Future of Work

Is part-time working the key to happiness?

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Emma Luxton
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Evidence from the Netherlands suggests it might be. More than half of Dutch workers are on part-time hours, a much larger proportion than any other developed country, while the Netherlands consistently ranks as one of the world's happiest countries.

On average, only a fifth of the working population in the EU has a part-time job (8.7% of men and 32% of women). However, in the Netherlands 26.8% of men and 76.6% of women work fewer than 36 hours a week.

 Percentage of adults who work part time.
Image: The Economist

The Netherlands also consistently features in the World Happiness Report’s top 10, and Dutch children are deemed the happiest in the developed world by UNICEF.

So, have the Dutch found the holy grail of work-life balance?

Why time matters for happiness

Time, and how we spend it, is unsurprisingly one of the most significant factors in making us content. A study published in the Journal of Consumer Psychology, 2011 looked at the connection between how people spend their time and their levels of happiness, and found it’s not just what we do with our free time that counts.

In an interview with Stanford Graduate School of Business, Jennifer Aaker, a researcher on the study, said: “We spend most of our time at work. So understanding how we should be spending our time at work is much more important than people think.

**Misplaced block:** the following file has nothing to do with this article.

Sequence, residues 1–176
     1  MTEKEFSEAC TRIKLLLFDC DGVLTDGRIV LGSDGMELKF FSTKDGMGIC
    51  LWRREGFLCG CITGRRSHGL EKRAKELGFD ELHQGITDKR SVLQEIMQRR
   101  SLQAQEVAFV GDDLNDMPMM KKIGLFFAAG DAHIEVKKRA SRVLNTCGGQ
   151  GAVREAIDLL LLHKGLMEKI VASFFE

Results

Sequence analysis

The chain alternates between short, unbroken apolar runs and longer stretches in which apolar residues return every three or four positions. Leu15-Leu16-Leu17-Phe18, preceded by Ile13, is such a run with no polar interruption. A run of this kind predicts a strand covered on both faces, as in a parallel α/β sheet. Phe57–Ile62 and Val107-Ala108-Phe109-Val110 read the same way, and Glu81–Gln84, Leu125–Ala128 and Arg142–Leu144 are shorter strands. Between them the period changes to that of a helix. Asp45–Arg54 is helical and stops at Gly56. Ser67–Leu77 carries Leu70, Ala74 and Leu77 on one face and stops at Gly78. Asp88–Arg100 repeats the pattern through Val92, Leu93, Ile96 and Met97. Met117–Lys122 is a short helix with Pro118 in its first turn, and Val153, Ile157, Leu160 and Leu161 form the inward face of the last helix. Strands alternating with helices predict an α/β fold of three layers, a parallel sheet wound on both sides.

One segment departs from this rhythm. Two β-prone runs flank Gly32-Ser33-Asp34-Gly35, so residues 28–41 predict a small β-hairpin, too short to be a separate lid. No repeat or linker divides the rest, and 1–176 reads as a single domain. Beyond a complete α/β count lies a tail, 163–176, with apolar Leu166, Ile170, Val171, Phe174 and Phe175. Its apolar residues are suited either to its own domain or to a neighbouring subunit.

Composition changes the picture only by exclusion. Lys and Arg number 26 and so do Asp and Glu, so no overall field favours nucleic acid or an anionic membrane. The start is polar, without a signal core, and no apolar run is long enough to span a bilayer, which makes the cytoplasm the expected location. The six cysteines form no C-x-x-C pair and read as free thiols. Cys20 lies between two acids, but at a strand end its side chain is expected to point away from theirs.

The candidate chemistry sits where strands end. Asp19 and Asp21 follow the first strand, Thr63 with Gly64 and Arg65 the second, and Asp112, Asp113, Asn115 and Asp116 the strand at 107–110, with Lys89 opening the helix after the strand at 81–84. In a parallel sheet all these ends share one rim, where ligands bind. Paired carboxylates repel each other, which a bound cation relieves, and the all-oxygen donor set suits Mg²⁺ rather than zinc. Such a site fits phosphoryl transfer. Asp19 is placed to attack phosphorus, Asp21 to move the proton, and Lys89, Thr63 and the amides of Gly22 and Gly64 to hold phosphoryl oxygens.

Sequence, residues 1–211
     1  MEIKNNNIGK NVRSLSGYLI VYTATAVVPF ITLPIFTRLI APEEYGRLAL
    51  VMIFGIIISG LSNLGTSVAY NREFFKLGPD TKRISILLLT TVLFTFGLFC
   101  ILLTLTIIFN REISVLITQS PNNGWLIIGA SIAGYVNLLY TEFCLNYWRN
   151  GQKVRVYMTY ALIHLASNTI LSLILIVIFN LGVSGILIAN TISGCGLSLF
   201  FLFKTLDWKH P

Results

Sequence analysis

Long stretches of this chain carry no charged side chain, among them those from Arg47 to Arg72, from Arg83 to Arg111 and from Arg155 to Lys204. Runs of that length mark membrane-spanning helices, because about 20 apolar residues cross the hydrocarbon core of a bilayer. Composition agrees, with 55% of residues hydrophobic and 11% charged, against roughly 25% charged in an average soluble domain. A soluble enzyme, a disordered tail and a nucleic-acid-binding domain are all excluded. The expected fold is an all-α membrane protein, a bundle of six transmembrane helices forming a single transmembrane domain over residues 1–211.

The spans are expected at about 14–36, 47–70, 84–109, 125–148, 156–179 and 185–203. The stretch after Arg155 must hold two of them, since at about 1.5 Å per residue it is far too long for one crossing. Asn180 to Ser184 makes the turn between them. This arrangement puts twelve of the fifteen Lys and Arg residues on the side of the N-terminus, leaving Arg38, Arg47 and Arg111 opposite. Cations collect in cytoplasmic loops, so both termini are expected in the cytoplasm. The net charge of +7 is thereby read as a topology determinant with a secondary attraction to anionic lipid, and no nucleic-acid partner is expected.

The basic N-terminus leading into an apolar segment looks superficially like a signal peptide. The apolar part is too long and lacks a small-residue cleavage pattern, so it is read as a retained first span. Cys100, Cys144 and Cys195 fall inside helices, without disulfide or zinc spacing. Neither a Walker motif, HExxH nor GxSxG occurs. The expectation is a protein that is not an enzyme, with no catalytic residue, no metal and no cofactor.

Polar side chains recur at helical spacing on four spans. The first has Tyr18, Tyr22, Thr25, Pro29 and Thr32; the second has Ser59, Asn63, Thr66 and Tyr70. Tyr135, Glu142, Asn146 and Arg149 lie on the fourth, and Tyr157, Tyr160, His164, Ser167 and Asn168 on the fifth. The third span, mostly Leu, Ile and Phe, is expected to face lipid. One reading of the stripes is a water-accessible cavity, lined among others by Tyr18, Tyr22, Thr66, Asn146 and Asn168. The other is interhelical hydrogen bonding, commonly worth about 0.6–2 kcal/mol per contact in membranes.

“It has been interesting to observe which companies are doing a good job of creating opportunities for employees to manage their own time,” she said.

“This goes beyond providing opportunities for flexible hours, telecommuting, and independent contractor relationships. Which companies are allowing opportunities for employees to fundamentally design how they spend their time both at work and outside of work – in ways that are creative and innovative?”

The happiest people have stronger meaningful social connections and spend time with their partners, friends and family, according to the study.

Another study, from the University of British Columbia, also found that people who prioritized time over money tended to be happier.

“Having more free time is likely more important for happiness than having more money,” lead researcher Ashley Whillans said.

The research suggests that embracing the free time you have and making the most of it is the key to happiness.

Consistently working overtime has also been proven to negatively impact your mental health and wellbeing.

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